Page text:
[Python-ideas] Python's Source of Randomness and the random.py module Redux
antoine at python.org
Mon Sep 14 17:55:30 CEST 2015
Donald Stufft <donald at ...> writes:
> How has it not been taken into account? The current proposal (best summed up
> by Nick in the other thread) will not break compatability for anyone except
> those calling the functions that are specifically about setting a seed or
> getting/setting the current state.
That's a pretty big "except". Paul's and my concern is about compatibility
breakage, saying "it doesn't break compatibility except..." sounds like a
lot of empty rhetoric.
> In looking around I don't see a lot of
> people using those particular functions
Given that when you "look around" you only end up looking around amongst the Web
developer crowd, I may not be surprised.
You know, when I "look around" I don't see a lot of people using the random
module to generate passwords. Your anecdote would be more valuable than other
> However, one of
> the biggest groups of people who are most likely to be helped by this
> new and inexperienced developers who don't fully grasp the security sensitive
> nature of whatever they are doing with random.
Yes, because generating passwords is a common and reasonable task for new
and inexperienced developers? Really?
Again, why don't you propose a dedicated API for that? That's what we did
for constant-time comparisons. That's what people did for password hashing.
That's what other people did for cryptography. I haven't seen a reasonable
rebuttal to this. Why would generating passwords be any different from all
those use cases? After all, if you provide a convenient API people should
flock to it, instead of cumbersomely reinventing the wheel... That's what
libraries are for.
> However, I/we
> are willing to compromise by sacrificing possible security in order to not
> regress things where we can, in particular a user-space CSPRNG is being
> proposed over SystemRandom because it will provide you with random numbers
> almost as fast as MT will.
Really, it's not so much a performance issue as a compatibility issue.
The random module provides, by default, a *deterministic* stream of random
numbers. That os.urandom() may be a tad slower isn't very important when you're
generating one number at a time and processing it with a slow interpreter
(besides, MT itself is hardly the fastest PRNG out there). That os.urandom()
doesn't give you a way to seed it once and get predictable results is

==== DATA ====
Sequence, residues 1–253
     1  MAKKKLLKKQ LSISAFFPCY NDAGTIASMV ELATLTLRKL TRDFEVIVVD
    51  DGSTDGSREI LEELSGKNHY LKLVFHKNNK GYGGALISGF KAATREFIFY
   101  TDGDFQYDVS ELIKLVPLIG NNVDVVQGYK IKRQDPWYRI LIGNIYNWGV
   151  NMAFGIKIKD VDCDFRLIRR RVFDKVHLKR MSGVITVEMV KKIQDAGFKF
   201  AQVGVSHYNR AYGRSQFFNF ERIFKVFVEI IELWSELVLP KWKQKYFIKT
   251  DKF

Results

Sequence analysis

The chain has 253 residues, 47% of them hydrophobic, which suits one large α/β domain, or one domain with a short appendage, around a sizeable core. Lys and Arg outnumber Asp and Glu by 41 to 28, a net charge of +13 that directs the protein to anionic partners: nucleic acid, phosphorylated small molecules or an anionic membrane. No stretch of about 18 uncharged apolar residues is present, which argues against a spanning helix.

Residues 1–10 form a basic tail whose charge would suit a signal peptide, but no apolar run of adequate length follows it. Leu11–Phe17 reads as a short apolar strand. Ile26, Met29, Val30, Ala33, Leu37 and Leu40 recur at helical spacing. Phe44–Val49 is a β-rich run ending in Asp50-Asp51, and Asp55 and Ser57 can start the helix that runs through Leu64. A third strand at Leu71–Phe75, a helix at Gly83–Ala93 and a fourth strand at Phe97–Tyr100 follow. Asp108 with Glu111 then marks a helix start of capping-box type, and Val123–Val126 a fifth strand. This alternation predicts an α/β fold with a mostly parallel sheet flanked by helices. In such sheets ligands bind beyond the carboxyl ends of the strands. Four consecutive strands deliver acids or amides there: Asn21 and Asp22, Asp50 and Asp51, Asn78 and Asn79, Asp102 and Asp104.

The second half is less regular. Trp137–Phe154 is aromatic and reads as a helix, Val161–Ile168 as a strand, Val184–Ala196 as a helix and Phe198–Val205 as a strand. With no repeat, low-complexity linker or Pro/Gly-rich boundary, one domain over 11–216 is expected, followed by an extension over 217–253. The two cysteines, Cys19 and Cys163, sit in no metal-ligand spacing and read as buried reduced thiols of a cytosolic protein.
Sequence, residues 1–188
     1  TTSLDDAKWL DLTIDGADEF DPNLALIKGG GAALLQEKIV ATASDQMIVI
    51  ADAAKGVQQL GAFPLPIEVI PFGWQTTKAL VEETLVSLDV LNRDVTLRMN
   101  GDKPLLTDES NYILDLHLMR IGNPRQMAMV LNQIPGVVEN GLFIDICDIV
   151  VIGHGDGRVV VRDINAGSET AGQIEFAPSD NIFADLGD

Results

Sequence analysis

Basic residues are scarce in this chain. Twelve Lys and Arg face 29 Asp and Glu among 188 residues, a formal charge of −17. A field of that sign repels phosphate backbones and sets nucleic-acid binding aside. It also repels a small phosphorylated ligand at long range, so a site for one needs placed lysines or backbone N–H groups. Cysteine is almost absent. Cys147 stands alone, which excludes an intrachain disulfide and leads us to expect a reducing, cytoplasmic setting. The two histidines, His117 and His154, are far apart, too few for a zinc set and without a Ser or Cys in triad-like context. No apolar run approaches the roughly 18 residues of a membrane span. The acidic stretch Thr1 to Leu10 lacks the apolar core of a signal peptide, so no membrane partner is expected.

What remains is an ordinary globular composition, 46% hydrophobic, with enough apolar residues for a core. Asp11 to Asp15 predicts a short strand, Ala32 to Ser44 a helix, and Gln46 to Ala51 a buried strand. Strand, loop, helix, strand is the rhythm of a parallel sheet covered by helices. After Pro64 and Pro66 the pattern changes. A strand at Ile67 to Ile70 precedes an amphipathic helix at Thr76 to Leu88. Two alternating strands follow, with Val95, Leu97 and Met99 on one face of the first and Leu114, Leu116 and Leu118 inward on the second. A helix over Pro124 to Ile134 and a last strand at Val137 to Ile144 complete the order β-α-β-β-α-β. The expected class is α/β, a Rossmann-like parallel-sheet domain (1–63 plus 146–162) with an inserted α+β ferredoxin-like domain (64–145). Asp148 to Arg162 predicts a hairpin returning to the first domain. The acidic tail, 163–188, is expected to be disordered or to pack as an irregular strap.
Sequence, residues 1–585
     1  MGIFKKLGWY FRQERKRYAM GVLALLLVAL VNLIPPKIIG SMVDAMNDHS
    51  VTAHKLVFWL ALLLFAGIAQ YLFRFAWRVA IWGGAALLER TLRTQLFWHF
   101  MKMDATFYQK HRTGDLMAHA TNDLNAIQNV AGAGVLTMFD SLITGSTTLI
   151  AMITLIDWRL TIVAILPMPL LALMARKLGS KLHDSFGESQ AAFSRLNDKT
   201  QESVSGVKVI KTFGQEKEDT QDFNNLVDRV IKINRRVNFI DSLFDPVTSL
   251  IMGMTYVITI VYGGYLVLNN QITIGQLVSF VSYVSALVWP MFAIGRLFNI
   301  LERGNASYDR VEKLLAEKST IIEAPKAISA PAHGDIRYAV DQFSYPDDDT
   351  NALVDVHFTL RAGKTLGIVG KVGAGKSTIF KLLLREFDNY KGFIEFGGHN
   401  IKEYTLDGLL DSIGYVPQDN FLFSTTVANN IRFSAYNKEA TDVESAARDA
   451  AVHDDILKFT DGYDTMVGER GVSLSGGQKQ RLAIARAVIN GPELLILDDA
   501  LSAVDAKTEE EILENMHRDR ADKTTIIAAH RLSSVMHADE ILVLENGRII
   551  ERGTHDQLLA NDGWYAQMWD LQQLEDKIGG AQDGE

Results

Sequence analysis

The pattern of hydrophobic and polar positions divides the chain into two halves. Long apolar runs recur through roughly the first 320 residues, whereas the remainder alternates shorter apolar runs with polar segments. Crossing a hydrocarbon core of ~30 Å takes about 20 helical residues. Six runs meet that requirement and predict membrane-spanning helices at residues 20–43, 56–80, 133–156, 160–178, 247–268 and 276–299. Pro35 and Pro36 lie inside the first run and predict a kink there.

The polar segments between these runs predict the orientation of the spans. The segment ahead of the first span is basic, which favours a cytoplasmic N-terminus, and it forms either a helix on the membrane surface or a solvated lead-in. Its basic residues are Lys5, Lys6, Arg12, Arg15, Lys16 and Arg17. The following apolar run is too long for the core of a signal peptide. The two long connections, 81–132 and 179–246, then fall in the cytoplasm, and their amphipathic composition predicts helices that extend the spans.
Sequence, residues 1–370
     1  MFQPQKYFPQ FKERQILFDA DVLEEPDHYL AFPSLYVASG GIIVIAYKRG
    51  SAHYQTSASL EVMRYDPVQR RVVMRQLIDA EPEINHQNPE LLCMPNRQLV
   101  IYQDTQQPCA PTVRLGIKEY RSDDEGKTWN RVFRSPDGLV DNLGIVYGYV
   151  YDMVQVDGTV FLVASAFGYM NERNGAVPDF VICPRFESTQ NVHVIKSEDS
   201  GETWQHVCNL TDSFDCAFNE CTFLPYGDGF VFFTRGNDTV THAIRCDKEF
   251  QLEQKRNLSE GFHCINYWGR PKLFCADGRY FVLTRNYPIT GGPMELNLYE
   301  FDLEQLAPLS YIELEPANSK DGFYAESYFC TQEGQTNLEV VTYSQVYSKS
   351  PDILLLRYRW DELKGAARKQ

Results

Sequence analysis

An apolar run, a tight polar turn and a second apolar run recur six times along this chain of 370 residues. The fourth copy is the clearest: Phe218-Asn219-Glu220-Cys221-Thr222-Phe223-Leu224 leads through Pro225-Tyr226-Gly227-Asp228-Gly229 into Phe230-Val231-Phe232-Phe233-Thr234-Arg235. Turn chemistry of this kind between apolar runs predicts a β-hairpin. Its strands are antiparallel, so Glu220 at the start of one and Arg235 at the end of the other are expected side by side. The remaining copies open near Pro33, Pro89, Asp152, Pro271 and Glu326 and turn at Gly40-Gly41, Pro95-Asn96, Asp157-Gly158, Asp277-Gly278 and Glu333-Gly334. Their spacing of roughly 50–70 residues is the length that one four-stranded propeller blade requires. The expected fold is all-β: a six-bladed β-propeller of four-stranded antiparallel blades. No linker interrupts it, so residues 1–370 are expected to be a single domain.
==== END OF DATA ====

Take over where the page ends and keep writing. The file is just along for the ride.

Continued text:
a big *regression* if made the default RNG in the random module.
And the same can be said for a user-space CSRNG, as far as I understand
the explanations here.
> However, when proposing this possible compromise, we are met with people
> refusing to meet us in the middle.
See, people are fed up with the incompatibilities arising "in the name of
the public good" in each new feature release of Python. When the "middle"
doesn't sound much more desirable than the "extreme", I don't see why I
should call it a "compromise".
Some people have to support code in 4 different Python versions and
further gratuitous breakage in the stdlib doesn't help. Yes, they can
change their code. Yes, they can use the "six" module, the "future" module
or whatever new bandaid exists on PyPI. Still they must change their code
in a way or another because it was deemed "necessary" to break compatibility
to solve a concern that doesn't seem grounded in any reasonable analysis.
Python 3 was there to break compatibility. Not Python 3.4. Not Python 3.5.
Not Python 3.6.
(in case you're wondering, trying to make all published code on the Internet
secure by appropriately changing the interpreter's "behaviour" to match
erroneous expectations - even *documented* as erroneous - is *not* reasonable
- no matter how hard you try, there will always be occurrences of broken code
that people copy and paste around)
> Can you explain what
> compromise you're willing to accept here?
Let's rephrase this: are *you* willing to accept an admittedly "insecure
by default" compromise?
No you aren't, evidently. There's no evidence that you would accept to
leave the top-level random functions intact, even if a new UserSpaceSecureRandom
class was added to the module, right?
So why would we accept a compatibility-breaking compromise? Because we are
more "reasonable" than you?
(which in this context really reads: more willing to quit the discussion
because of boredom, exhaustion, lack of time or any other quite humane
reason; which, btw, sums up of significant part of what the dynamics of
python-ideas have become: "victory of the most obstinate")
Yeah, that's always what you are betting on, because it's not like *you*
will ever be reasonable except if it's the last resort for getting something
accepted. And that's why every discussion about security with security-minded
(read: "obsessed") people is a massive annoyance, even if at the end it
succeeds in reaching a "compromise", after 500+ excruciating backs and forths
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